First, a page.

EU ministers approve military plan to defeat smugglers

The EU’s foreign policy chief, Federica Mogherini, said the operation would be carried out in phases with surveillance and assessment of human smuggling networks in the Mediterranean being the first priority. 

Federica Mogherini
Federica Mogherini

European Union ministers have rubber stamped the planned military mission that could translate in the destruction of boats used by human traffickers, which have carried an estimated 1,800 migrants to their deaths in the Mediterranean in the first five months of the year.

The 19-page document approved by ministers on Monday underlines the bloc’s intention to “disrupt the business model of the smugglers” by undertaking systematic efforts to identify, capture and destroy vessels and assets before they are used by the smugglers.

The EU’s foreign policy chief, Federica Mogherini, said the operation would be carried out in phases with surveillance and assessment of human smuggling networks in the Mediterranean being the first priority. 

In the second and third phases hostile vessels suspected of harbouring migrants could be boarded, searched, seized or disposed of in Libyan territory or international waters – as long as a chapter 7 UN resolution to authorise the use of force to do so is obtained first

The operation could be launched as soon as 25 June, Mogherini told a Brussels press conference, adding that there is “a clear sense of urgency” as the summer months are edging closer.

“As summer comes, more people are travelling so we want to have the operation in place as soon as possible, if it is to deter the traffickers’ and smugglers’ organisations,” she said. 

The cost of the operation is estimated at around €11.82 million for a two-month start-up phase plus an initial mandate of 12 months.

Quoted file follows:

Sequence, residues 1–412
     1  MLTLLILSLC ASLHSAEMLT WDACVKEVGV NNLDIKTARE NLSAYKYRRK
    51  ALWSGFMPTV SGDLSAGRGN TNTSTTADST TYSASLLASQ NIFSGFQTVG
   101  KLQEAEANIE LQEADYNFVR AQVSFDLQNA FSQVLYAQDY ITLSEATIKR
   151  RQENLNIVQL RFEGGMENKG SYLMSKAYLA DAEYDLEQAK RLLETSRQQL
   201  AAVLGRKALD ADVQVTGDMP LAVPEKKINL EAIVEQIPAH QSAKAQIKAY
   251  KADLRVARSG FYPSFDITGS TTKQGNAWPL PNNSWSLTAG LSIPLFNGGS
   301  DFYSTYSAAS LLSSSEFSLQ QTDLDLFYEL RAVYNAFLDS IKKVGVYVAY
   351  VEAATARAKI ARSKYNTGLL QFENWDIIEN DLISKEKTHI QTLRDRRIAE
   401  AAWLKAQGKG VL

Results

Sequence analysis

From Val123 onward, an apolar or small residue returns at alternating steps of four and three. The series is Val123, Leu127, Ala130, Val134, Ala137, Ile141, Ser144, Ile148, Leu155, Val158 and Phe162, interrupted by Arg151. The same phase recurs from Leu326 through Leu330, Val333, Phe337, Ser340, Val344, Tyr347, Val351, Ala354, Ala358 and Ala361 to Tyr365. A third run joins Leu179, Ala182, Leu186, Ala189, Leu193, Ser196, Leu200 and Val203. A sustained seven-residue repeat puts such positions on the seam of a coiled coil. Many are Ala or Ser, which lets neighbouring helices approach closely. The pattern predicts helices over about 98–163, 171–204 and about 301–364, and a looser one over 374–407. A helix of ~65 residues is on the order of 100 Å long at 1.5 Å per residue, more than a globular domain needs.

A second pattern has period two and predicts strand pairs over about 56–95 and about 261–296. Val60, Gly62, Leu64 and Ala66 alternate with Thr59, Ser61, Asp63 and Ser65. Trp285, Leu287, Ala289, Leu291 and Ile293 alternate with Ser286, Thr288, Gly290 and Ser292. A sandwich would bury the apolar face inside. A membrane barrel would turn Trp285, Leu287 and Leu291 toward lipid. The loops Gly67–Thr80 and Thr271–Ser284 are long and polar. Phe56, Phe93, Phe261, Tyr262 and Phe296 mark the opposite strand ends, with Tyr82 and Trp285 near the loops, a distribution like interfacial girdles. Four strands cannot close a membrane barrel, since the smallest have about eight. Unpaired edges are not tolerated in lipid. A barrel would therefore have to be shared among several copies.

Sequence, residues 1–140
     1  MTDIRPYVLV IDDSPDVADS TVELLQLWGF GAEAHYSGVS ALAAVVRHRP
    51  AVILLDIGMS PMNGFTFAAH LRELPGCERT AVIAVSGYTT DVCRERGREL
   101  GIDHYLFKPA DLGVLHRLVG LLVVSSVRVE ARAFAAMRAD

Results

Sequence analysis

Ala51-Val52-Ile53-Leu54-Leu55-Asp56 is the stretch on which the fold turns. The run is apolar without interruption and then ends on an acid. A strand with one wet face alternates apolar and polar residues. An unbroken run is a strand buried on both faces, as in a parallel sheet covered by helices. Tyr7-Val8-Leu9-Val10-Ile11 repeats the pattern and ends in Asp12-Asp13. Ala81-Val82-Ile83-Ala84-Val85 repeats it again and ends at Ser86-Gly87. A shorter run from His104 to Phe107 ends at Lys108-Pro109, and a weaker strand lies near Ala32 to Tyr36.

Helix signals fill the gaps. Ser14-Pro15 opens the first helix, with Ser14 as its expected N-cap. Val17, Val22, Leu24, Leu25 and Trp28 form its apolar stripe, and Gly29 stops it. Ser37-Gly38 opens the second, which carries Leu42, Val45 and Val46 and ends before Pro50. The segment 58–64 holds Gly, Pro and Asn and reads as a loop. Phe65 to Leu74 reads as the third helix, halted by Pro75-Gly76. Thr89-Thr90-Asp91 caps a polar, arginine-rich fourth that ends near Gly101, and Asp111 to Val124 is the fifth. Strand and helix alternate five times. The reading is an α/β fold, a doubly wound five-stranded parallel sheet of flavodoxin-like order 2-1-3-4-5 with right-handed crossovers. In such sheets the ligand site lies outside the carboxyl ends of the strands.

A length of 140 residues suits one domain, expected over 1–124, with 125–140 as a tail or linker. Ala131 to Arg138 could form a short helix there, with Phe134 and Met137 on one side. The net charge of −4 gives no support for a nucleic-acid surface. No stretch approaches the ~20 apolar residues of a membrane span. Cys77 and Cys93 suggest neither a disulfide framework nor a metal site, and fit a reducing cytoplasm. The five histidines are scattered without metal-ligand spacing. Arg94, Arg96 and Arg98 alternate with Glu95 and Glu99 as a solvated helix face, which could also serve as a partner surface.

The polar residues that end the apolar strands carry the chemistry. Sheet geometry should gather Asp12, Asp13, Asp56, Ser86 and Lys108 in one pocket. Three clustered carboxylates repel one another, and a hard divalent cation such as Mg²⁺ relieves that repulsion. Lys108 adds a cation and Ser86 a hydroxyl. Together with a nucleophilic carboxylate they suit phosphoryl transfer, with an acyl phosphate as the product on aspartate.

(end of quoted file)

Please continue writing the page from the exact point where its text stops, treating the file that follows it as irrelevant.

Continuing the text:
The operation will have its headquarters in Rome and be run by an Italian rear admiral, Enrico Credendino, with an initial year-long mandate.

Mogherini did not delve into the “boots on the ground” option to destroy smugglers’ assets, outlined in an EU strategy paper leaked before this week’s summit. 

The plan has come under intense scrutiny with the internationally recognised Libyan government has warned against a military intervention, shedding doubt on whether this would achieve the desired result. 

Libya’s UN envoy, Ibrahim Dabbashi expressed deep reservations about the European plan, pointing out that Libyan fishermen’s livelihoods could be at risk as their vessels might get destroyed during such operations, which totally depend on intelligence gathered by foreign operatives. 

Dabbashi cautioned “it will be very difficult to distinguish between fishermen and trafficking boats. It could be disastrous for fishermen.”

Moreover, on Monday, the Italian coastguards who are often protagonists in rescue missions in the southern Mediterranean also voiced their concern about the EU’s strategy, arguing that military operations will not stop migration to Europe and calling instead for European navies to prioritise search-and-rescue missions.

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